Start comparing high-interest current accounts today
- Can pay attractive interest rates - in some cases it may be more than dedicated savings accounts
- There may well be in-depth terms and conditions attached to interest payments - make sure you understand them
- If you're paying a fee, make sure the benefits you gain outweigh the costs
- High interest-paying current accounts are unlikely to be the right choice for those who regularly use overdrafts
- Our midata tool can help you work out exactly how much an attractive interest rate is worth to you
You want your money to work as hard as possible for you, and a high-interest current account can help.
These accounts are essentially the same as everyday current accounts, but they offer higher rates of interest on the money you keep there.
A few accounts even offer better rates than the top savings accounts, but there are usually a number of caveats involved.
Some might pay different rates of interest depending on how much money you’ve got in your account, while others may set a cap on the amount you can earn interest on.
Banks may also set other criteria, such as how much you need to pay in every month, or requiring you to set up a minimum number of direct debits and standing orders.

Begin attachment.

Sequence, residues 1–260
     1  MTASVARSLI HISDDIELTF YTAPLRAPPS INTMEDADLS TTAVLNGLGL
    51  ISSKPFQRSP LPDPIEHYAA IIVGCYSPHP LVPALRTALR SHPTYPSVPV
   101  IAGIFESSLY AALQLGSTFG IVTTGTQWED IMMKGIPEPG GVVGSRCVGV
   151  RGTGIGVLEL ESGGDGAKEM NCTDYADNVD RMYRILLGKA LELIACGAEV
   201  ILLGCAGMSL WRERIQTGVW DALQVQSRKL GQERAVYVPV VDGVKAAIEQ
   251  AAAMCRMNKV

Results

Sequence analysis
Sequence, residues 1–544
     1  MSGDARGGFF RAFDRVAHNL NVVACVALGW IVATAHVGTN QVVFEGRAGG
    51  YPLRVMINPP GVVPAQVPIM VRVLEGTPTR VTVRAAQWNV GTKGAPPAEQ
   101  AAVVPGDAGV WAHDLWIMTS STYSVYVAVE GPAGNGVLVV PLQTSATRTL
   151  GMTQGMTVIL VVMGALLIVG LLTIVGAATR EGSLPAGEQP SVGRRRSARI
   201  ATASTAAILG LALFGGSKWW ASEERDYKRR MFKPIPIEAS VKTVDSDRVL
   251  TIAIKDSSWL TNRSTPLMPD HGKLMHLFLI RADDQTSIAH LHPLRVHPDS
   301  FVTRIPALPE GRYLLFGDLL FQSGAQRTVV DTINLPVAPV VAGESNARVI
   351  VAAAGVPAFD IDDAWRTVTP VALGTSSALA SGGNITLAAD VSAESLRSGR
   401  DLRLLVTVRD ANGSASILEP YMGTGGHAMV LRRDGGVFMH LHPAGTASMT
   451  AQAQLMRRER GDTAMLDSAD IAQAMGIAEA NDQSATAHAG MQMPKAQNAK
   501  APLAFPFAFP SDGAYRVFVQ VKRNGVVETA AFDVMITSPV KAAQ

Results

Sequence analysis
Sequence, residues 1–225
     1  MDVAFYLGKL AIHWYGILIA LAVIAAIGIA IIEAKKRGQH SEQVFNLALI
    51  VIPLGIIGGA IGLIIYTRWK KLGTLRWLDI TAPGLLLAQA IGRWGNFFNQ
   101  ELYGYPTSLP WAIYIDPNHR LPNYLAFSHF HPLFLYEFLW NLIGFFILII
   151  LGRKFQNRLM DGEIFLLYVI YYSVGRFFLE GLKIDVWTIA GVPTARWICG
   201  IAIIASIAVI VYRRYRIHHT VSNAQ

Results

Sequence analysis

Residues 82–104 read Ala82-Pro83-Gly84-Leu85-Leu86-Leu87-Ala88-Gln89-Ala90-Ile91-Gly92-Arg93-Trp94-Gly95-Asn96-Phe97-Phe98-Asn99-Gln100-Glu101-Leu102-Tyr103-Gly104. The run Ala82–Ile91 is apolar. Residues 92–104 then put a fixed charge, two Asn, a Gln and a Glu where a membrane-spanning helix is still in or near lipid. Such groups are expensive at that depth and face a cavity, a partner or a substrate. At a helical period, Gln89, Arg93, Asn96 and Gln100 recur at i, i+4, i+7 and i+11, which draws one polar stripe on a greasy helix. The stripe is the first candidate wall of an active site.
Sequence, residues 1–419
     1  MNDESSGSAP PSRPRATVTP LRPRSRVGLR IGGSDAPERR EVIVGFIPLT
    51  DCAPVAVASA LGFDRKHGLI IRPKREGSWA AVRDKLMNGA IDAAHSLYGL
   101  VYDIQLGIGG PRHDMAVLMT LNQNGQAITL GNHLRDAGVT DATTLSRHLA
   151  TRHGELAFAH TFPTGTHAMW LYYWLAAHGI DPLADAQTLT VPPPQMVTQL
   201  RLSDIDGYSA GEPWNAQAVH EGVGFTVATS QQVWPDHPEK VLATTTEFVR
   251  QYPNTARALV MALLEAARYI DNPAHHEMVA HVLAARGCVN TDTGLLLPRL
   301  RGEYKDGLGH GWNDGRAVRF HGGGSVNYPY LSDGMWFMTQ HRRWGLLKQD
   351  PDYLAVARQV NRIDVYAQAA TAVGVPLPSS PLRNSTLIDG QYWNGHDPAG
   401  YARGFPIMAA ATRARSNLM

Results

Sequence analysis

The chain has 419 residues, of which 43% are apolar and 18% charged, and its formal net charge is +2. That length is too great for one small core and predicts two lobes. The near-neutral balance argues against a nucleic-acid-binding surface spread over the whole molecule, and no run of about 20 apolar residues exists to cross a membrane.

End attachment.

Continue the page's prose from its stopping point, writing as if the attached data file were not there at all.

You may even be charged a monthly fee, so you’ll need to decide if the amount of interest you’re earning makes this charge worthwhile or not.
Applying for a high-interest current account
Applying for a high-interest current account is usually straightforward, and mainly involves shopping around until you find the deal that’s best for you.
You’ll be told what eligibility criteria is necessary before you make an official application – this may focus on how much you earn, although some accounts are only available to existing members of certain banks.
You’ll also need to pass a credit check, and it’s possible that a rejection could have a negative impact on your credit score.
To take advantage of the best high-interest current account deals you’ll usually have to swap your current account completely, moving from one provider to another – and that includes transferring all your direct debits and standing orders.
That sounds complicated, but thanks to the introduction of the Current Account Switching Service (CASS) in 2013, the whole process is hassle-free and can be completed in just seven working days.
Plus, many banks offer tidy incentives for making the switch, such as cashback deals or shopping vouchers.
Alasdair Walker, a chartered financial planner says, “People often complain that interest rates are so low it’s not worth the time or effort, but if you keep £1,000 in an account offering 1.5% interest, you’ll have earned £15 for what amounts to five minutes’ work.
"As long as the bank has full UK Financial Services Compensation Scheme (FSCS) protection and your savings are within these limits, it’s simply a case of earning more for no extra risk.”
Are high-interest current accounts good for large sums of money?
This depends on how much money you’re talking about.